Contractor FAQ

The answer to this question is that Winnipeg home renovation contractors never have to pay to use Planned Projects. Some websites, which offer a renovation-finding service, charge contractors to receive leads. Others charge a flat monthly fee. Some charge for advertising. Planned Projects will not charge contractors for any of these. We do not advertise contractors because that could be perceived as a conflict of interest.

It’s very simple. When we have enough similar jobs in a small, defined area, we contact Winnipeg construction and home renovation contractors to see if they want to bid on the jobs.

The contractors submit an interest to bid in order to receive the bid documents, and then proceed to fill out the tender.

If there is a site visit, Planned Projects will organize everything, so that contractors have a chance to see the work site and ask any questions directly to the homeowners.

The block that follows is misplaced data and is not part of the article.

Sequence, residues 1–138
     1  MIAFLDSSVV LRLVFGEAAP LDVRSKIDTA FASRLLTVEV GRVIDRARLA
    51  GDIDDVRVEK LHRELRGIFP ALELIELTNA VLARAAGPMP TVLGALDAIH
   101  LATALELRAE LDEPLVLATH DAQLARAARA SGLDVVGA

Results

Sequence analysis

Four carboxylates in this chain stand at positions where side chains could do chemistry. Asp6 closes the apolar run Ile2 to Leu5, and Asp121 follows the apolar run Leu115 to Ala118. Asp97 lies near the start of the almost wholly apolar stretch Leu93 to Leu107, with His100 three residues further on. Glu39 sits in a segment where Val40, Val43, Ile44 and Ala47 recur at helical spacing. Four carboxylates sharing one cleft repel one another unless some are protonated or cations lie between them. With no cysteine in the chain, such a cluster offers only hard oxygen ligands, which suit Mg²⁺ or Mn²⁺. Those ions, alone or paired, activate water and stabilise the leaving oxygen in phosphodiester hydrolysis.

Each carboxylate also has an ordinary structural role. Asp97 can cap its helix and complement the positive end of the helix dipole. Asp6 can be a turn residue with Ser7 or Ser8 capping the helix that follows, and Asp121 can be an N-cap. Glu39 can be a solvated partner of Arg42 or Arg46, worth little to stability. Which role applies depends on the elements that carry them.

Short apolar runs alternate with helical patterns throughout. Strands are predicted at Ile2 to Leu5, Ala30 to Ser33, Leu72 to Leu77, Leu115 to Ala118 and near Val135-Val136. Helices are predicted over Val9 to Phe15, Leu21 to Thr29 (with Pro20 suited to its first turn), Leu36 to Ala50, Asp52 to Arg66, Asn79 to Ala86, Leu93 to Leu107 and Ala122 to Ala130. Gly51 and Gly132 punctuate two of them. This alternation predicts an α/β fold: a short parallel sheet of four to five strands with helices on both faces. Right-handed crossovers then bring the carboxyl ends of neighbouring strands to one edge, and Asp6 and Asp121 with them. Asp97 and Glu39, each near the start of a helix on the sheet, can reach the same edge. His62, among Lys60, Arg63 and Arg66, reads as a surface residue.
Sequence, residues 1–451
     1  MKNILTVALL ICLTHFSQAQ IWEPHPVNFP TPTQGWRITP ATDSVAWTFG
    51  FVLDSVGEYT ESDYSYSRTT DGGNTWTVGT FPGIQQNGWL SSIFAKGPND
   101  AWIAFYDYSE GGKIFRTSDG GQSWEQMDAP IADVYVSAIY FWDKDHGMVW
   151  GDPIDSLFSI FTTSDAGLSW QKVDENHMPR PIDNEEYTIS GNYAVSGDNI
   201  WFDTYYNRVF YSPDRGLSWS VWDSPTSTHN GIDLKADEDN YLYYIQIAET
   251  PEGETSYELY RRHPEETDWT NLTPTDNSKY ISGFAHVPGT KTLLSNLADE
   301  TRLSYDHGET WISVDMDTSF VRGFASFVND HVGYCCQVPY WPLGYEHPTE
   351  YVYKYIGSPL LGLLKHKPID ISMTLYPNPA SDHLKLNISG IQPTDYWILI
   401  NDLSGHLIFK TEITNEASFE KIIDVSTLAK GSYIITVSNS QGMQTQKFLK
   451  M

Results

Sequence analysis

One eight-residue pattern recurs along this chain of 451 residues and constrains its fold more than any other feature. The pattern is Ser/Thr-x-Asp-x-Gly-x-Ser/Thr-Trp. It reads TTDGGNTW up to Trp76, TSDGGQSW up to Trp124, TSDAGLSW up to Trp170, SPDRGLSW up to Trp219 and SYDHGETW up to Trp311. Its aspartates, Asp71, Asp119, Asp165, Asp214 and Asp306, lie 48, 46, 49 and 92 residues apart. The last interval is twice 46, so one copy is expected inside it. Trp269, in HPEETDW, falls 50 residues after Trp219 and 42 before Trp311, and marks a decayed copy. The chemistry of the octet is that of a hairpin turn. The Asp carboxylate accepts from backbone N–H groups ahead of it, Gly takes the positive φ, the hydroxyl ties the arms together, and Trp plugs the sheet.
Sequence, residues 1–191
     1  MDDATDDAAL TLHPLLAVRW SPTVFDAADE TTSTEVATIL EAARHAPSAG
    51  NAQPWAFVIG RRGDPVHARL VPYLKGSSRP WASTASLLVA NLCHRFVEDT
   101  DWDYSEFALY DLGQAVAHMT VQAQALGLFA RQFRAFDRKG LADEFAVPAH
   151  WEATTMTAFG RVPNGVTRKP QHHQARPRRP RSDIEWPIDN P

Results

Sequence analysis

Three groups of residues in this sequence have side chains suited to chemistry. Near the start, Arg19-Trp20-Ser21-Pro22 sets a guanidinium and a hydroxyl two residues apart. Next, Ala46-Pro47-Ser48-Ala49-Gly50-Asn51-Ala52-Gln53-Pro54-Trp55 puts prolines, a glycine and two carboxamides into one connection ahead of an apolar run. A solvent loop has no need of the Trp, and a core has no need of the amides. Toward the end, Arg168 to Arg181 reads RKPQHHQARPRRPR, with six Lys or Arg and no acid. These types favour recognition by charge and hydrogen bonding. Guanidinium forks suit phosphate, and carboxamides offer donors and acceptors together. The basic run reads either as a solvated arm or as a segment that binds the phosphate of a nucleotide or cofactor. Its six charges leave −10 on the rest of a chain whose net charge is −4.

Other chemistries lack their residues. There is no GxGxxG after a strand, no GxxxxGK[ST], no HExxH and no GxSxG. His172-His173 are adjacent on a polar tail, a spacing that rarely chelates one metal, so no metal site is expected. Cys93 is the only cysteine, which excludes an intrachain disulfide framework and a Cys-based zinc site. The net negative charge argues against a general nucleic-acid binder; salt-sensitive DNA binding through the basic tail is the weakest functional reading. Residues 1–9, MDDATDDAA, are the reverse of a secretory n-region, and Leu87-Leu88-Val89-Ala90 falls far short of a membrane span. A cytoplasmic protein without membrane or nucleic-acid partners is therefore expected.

Planned Projects uses a mathematical point-based algorithm to determine the successful proponent, and the contract is signed by the contractor, homeowner, and Planned Projects.

Then, the work begins!

The highest bid will not always win. This would be a direct conflict of interest.

In order to level the playing field, we use a mathematical point-based algorithm to determine the successful proponent by weighting the tender sections. For example, the pricing section will never be worth more than 40 out of 100 points.

The tender is made up of several sections, each with their own weight, or value, and for each type of work, the values may change.

Staying true to our values, we are not in the business of ravaging our clients to make a quick buck. We want to add value to people’s lives and to their property.

Yes, Planned Projects saves time for busy contractors. We have a proven method for tender submission that is intuitive and easy to fill out for contractors. Plus, we organize site visits for one date and time, meaning contractors can see several houses at once, as opposed to having to make a separate trip for each as they normally would have to do.